One digital impression system utilizes its own milling centers to produce digital models. The result is a “Geller style” removable die model (Figure 19). These cases can be worked with by importing the STL file into design software, or by conventionally waxing and pressing restorations on them. CT technology is also heavily used in digital design, with many companies offering software that can read bone density and location, then propose ideal locations for implants with consideration of the location of the final desired tooth and the patient’s osseous structure capable of supporting an implant. The outcome of this planning can be accurate surgical guides, resulting in correct implant placement in the patient’s jaw; abutments and restorations can then be premanufactured based on the predicted implant position and be ready to screw into place on the day of surgery.
Integrating these innovations into a laboratory’s routine today should be predicated on patient treatment goals. This includes working with clinicians to provide comprehensive, systematic treatment to predictably achieve patients’ expectations. By examining the patient’s needs, desires, and pre-existing condition, a series of steps can be proposed to achieve the final desired result. This involves working closely with specialists and the treating dentist in the overall restorative planning.
Orthodontics, periodontics, and oral surgery are utilized prior to restorative treatment to move gingival levels and/or teeth and provide underlying osseous support for implants and gingival levels. To coordinate treatment, digital photographs, radiographs, CAT scans where needed, and digital or conventional models and bite registrations can be shared. Keynote and PowerPoint presentations can be used to effectively communicate among the restorative team over long distances or with busy schedules. Skype, iChat, or Messages are some available Internet-based video chat programs for discussing cases and transferring images. Dropbox is a file transfer protocol (FTP) program that also is useful for sharing photographs or video clips. Laboratory technicians should not hesitate to communicate freely with the rest of the dental team, as this is the best way to achieve the best restorations possible.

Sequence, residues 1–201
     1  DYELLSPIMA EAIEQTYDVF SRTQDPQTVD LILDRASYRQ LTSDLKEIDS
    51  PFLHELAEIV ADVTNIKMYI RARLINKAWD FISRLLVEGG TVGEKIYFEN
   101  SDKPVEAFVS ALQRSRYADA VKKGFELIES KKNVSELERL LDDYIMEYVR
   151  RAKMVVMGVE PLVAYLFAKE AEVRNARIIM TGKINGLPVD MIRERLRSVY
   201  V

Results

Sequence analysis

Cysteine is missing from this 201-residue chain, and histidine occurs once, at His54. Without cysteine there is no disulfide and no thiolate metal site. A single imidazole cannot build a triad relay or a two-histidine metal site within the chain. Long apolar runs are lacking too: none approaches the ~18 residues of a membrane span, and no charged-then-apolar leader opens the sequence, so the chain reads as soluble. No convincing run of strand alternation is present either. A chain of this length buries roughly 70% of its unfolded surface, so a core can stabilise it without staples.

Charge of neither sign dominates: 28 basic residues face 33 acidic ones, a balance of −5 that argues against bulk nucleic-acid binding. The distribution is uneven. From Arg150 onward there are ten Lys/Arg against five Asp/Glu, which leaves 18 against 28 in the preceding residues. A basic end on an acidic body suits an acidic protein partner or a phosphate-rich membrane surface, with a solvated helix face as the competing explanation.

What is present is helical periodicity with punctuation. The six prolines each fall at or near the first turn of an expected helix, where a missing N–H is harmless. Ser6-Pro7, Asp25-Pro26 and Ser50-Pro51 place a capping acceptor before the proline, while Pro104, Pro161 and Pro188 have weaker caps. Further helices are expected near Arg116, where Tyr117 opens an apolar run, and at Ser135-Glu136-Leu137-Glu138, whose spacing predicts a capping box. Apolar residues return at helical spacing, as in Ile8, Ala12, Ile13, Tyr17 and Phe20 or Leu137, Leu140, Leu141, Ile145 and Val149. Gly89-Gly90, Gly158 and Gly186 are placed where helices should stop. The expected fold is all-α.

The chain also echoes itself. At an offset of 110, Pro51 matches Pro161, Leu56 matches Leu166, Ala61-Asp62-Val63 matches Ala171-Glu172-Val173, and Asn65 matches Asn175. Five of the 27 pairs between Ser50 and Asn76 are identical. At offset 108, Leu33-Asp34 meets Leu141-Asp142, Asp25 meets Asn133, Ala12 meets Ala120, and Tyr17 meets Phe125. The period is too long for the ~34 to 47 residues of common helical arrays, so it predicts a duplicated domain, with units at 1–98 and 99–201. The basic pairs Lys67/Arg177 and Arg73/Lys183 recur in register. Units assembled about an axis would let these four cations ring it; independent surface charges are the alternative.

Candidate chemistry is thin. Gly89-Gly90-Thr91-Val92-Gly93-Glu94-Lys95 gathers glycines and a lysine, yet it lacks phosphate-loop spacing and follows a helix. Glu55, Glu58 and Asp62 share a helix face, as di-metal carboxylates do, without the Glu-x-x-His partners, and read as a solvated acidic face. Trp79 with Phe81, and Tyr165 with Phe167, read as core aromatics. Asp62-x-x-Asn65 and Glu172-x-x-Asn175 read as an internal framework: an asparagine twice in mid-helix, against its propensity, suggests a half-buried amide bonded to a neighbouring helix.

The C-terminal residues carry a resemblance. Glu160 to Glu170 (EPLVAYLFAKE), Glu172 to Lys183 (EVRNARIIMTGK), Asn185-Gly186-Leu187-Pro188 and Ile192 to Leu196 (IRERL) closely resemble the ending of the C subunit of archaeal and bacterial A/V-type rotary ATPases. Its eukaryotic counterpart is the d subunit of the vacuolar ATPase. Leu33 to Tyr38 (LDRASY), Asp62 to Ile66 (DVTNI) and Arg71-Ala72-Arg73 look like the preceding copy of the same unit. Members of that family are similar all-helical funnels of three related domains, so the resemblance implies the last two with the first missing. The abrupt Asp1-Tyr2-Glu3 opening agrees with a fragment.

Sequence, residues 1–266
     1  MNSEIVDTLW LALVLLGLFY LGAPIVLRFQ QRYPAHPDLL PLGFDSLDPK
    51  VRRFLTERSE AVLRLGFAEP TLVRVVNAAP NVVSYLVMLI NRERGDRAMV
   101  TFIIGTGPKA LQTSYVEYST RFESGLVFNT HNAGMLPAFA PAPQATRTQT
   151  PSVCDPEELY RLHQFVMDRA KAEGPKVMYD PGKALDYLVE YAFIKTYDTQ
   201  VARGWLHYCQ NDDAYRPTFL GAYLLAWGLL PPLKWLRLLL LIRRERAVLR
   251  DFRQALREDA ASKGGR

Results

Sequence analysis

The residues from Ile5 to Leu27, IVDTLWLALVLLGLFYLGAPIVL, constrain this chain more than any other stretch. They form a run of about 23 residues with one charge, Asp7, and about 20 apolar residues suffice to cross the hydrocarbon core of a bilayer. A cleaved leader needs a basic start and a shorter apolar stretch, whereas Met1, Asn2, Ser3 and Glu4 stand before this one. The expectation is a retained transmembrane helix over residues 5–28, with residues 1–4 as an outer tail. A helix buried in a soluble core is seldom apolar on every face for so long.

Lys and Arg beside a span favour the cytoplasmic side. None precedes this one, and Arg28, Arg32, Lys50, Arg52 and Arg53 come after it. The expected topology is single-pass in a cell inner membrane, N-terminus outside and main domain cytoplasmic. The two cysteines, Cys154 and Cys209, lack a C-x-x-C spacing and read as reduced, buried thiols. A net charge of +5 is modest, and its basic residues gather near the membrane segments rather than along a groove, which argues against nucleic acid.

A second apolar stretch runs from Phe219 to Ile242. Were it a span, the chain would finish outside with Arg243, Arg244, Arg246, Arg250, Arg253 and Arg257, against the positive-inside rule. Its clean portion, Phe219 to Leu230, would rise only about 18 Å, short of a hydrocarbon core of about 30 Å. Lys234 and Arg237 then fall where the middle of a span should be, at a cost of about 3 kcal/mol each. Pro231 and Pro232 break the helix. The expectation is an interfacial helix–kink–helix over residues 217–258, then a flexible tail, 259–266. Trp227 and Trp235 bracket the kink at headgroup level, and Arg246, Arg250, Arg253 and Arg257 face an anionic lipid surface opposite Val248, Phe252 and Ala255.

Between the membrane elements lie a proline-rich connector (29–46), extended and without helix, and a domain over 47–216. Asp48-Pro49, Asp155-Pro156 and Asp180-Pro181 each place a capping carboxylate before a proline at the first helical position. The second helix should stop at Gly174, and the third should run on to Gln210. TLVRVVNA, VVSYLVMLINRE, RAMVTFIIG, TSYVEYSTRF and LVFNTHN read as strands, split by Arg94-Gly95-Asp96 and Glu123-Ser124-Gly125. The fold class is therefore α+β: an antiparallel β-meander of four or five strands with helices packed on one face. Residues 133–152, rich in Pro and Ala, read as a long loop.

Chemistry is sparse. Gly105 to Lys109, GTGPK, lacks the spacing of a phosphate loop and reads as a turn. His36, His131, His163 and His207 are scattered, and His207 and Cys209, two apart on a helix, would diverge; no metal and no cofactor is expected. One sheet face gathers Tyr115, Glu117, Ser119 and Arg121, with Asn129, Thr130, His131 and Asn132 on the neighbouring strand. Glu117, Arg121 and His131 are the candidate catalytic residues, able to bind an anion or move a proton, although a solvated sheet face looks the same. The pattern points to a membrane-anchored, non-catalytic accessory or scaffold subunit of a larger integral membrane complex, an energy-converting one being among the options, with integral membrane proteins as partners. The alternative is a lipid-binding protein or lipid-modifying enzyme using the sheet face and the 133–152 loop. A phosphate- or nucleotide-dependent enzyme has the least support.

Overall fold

Diagnostic treatment planning—either conventional wax-ups or digital designs—is utilized as a first restorative step. Both functional and esthetic considerations are worked out at this phase. Functional movements are evaluated on an articulator, which is set up to mimic the patient’s envelope of function (Figure 20). This can be accomplished with conventional stone models, wax, and an articulator, or completed within the digital environment using software. When working with the analog pathway, a silicone matrix of the conventional wax-up can be filled with provisional material and transferred to the mouth for
validation of shape, position, and function.
With digital designs, the STL file of the design is transferred to a milling machine, and polymethyl methacrylate (PMMA) overlays are milled for transfer to the patient’s mouth (Figure 21). Today, most diagnostic work is still done with conventional wax-ups, but as digital impressions become more widely used, so will digital diagnostic design.
Preparation design and material selection are based upon the most appropriate material to meet the patient’s needs while preserving existing tooth structure and providing longevity. The author’s most frequently used material is high-translucency lithium disilicate. As long as underlying tooth color is not drastically dark, this material provides an ideal combination of strength, longevity, and esthetics.
The author’s primary fabrication process for single posterior restorations is digital design and milling. For larger anterior cases, a matrix of the provisional restorations and wax injection is used to create waxed and pressed restorations from lithium disilicate. Two- and three-unit anterior bridges are also made with waxed and pressed lithium disilicate. Posterior bridges can be fabricated from milled lithium disilicate fused to a zirconia substructure. The author still uses PFMs occasionally but not frequently, and gold remains a great posterior restoration.
The clinical photographs for this article are courtesy of Franklin Shull, DMD, Lexington, SC.
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About the author
Matt Roberts, CDT
CMR Dental Laboratory
Idaho Falls, Idaho